During this yearlong Jubilee of Mercy, Catholics acknowledge God’s infinite forgiveness and mercy. Significantly, the Year of Mercy logo shows Jesus – the personification of Mercy – carrying a lost man on His shoulders. Emphasizing how deeply our Savior touches us, His eyes merge with those of the man He carries.
As we contemplate God’s infinite mercy, it is timely that the Diocese of Orange hosts the annual Forum on Mental Illness on Jan. 28 at Our Lady Queen of Angels Parish in Newport Beach.
Those of us who suffer from mental illness – and whose loved ones live with it – appreciate that the mercy of God sustains us even in the worst of times. This week’s forum promises to offer new insight into mental illness, support for sufferers and their families, and important local resources.
Mental illness retains its stigma. Like the lost man in the Year of Mercy logo, the mentally ill suffer despair. Like most mentally ill individuals, I’ve suffered without sharing my pain – I feared losing my career, friendships and family. As I meditate on this Year of Mercy, however, I recognize that Jesus carries me in my darkest hours. His mercy makes it possible for me to go on when I think all is lost.
I’ve suffered from major depression for most of my adult life. Normally it’s well-controlled with talk therapy and antidepressants; occasionally I miss a day or two of work because I can’t function. Rarely, I experience darkness so profound that death seems a welcome relief.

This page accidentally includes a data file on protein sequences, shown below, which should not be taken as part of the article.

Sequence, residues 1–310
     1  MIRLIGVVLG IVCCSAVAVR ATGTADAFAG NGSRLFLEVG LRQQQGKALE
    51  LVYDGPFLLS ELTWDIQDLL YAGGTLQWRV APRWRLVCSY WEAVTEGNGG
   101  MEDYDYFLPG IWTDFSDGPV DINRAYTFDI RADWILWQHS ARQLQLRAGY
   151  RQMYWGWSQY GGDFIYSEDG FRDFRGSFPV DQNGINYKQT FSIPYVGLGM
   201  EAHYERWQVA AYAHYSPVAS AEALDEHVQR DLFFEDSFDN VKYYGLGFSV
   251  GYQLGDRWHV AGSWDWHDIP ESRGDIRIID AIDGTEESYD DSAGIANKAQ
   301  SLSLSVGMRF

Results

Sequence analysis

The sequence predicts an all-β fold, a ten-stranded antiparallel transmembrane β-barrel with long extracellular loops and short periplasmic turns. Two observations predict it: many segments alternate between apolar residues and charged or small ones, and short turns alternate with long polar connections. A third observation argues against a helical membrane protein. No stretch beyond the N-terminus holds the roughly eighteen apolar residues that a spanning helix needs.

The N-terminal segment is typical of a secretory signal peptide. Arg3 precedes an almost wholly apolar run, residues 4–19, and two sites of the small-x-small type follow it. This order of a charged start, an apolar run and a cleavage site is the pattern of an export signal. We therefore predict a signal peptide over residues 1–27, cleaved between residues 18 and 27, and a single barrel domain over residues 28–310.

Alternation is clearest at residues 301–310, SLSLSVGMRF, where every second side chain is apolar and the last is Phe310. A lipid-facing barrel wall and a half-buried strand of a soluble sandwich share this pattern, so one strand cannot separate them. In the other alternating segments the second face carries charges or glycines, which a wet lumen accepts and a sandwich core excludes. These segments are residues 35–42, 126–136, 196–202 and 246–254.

Such was the case in summer 2013. I hadn’t recognized the signs, which must have been coming on slowly, but on Saturday, July 5, I completely broke down: I couldn’t leave the house, eat, sleep or concentrate. Nothing could console me. For weeks I sat nearly catatonic, staring into space, my sadness so deep that even breathing was difficult. I couldn’t imagine ever feeling ‘normal’ again.
I was lucky. My psychiatrist and my husband took over and found the antidepressant and anti-anxiety medication that worked. I saw a psychotherapist during five long weeks of disability leave. Through the agony I wrote in my journal and called silently for God’s help. He answered, at first faintly and then more loudly, His presence apparent in the patient love of my husband, the support of my three children, the caring of a few close friends.
It cheers me to know that society is progressing toward acceptance and encouragement of those of us who suffer. I’m proud that here in Orange County the Church is working with leaders of other denominations and advocates to identify and assist mentally ill individuals. I pray that this holy Year of Mercy prompts all Catholics to extend love and mercy to all those who suffer.